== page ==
William Michaelian: I don’t know, but I’ll bet he could’ve driven you straight to the Walt Whitman mall — you know, a real landmark. My brother and I had some fun in cabs back in 1982, when we went to Armenia by way of Paris and Moscow. When we gave one driver in Paris the address to a certain hotel that turned out to be barely large enough to accommodate its own elevator, he sat studying his map of the city for at least fifteen minutes before starting his engine. We got there eventually, by way of dark narrow streets that could not have been the most direct route. We were completely at his mercy — or is it merci? And then in Armenia, especially early on in our visit, we were being cheated left and right. Our first ride cost us twelve rubles. Later we found it should have been two rubles. There were always arguments, and this was expected, even relished by the drivers. A relative of our grandfather’s nearly boiled one driver alive for trying to overcharge us — yet neither was offended in the least. At busy locations where cabs would gather in a line waiting for fares, there would be a great deal of commotion as potential passengers approached. Drivers would jump out and try to herd you into their cars, even though there were other cars ahead of them that had been waiting longer — bowing, shouting, gesticulating, ridiculing the other drivers. And of course they all knew each other. Very entertaining. It started to snow. The cab we were in had windshield wipers that didn’t work. The driver kept stopping to clean off the glass. But we always made it to our destination. There’s a slightly longer account, about 800 words, of our travels in my Notebook section that includes our cab trip through a blizzard from Moscow’s international airport to the Sheremetevo airport. Here’s a link to that page. One thing we got a kick out of in Moscow and Armenia was that once we were settled and under way, cab drivers would turn around and offer you a smoke. A nice touch.
John Berbrich: Great description, Willie. The scene comes to life because the people seem alive, not drones dully trudging from one inanity to another, but people in hot competition for something, anything. And they know it’s all an enjoyable game. By the way, I was reading that Stevenson biography last night (almost finished) and came to a point where he and his little party were sailing in the south seas. In a letter written in June 1889 to a friend in London, Stevenson says: “By the time I am done with this cruise, I shall have the material for a very singular book of travels: names of strange stories and characters, cannibals, pirates, ancient legends, old Polynesian poetry — never was so generous a farrago.” I hadn’t realized that the influence of the evil dentist had made it to the South Pacific so long ago.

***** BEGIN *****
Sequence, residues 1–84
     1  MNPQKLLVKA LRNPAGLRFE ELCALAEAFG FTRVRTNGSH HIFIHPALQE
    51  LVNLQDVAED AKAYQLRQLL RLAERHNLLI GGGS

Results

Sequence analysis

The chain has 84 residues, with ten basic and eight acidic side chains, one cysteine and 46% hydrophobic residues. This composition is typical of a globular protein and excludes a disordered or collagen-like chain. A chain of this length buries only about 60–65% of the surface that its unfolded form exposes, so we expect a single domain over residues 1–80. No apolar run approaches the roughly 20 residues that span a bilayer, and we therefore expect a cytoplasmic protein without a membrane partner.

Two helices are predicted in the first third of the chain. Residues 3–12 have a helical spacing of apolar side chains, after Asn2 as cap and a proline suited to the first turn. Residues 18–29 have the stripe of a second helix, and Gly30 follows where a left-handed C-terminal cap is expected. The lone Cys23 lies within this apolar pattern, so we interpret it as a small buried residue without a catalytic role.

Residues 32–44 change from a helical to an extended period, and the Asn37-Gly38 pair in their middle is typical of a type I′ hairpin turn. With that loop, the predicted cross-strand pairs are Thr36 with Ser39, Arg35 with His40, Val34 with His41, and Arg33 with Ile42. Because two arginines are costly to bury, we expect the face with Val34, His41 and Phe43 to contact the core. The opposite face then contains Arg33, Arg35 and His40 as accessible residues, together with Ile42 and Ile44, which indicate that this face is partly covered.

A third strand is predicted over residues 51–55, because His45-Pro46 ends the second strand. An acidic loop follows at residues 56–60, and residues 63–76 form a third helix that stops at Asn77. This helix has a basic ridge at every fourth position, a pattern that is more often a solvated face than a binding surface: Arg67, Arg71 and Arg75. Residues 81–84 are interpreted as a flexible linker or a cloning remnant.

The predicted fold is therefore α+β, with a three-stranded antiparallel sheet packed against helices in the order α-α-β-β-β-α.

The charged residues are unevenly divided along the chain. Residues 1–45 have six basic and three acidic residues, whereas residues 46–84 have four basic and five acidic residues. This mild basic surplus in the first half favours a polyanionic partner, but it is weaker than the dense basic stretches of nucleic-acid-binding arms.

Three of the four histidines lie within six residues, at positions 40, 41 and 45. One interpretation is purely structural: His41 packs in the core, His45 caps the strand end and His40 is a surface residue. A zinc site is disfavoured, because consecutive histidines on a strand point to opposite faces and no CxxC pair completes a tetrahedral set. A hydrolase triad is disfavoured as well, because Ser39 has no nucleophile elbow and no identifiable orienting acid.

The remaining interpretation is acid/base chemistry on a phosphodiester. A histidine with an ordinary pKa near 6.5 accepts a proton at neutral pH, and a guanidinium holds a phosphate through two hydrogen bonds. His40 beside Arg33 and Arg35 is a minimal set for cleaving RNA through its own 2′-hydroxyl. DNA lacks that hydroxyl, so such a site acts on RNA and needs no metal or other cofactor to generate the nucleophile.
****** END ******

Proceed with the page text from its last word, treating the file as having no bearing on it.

William Michaelian: Yes. And just imagine poor Stevenson, being lured to his death by the cannibalistic Polynesian pirate-poet Farrago. R.L.S. was a brave, adventurous soul. I must find some of his travel writings, and maybe even this biography you’re reading. You know, it would have been great if he and Mark Twain could have traveled the Mississippi together. Wasn’t Stevenson in this country for a short time? I seem to recall he lived in the Southwest, as did D.H. Lawrence — unless it’s Lawrence I’m thinking of.
John Berbrich: Well, Stevenson lived in the San Francisco area while courting his future wife. Years later they lived in upstate New York, at a frozen hamlet called Saranac Lake in the middle of the Adirondack Mountains, about a two-hour drive from here. He moved there for his health. The beautiful lake and deep pine woods were loved by the entire family until the temperature hit 40 below zero and the stuff in their cabin was freezing solid. I don’t know if Stevenson ever met Twain, but in England he was a good friend of Henry James. It would be fascinating to trace the paths of contemporary authors like Stevenson and Twain, and find out if maybe they just missed each other by a few miles on a certain day, Twain riding a locomotive in one direction and Stevenson galloping on a horse in the other.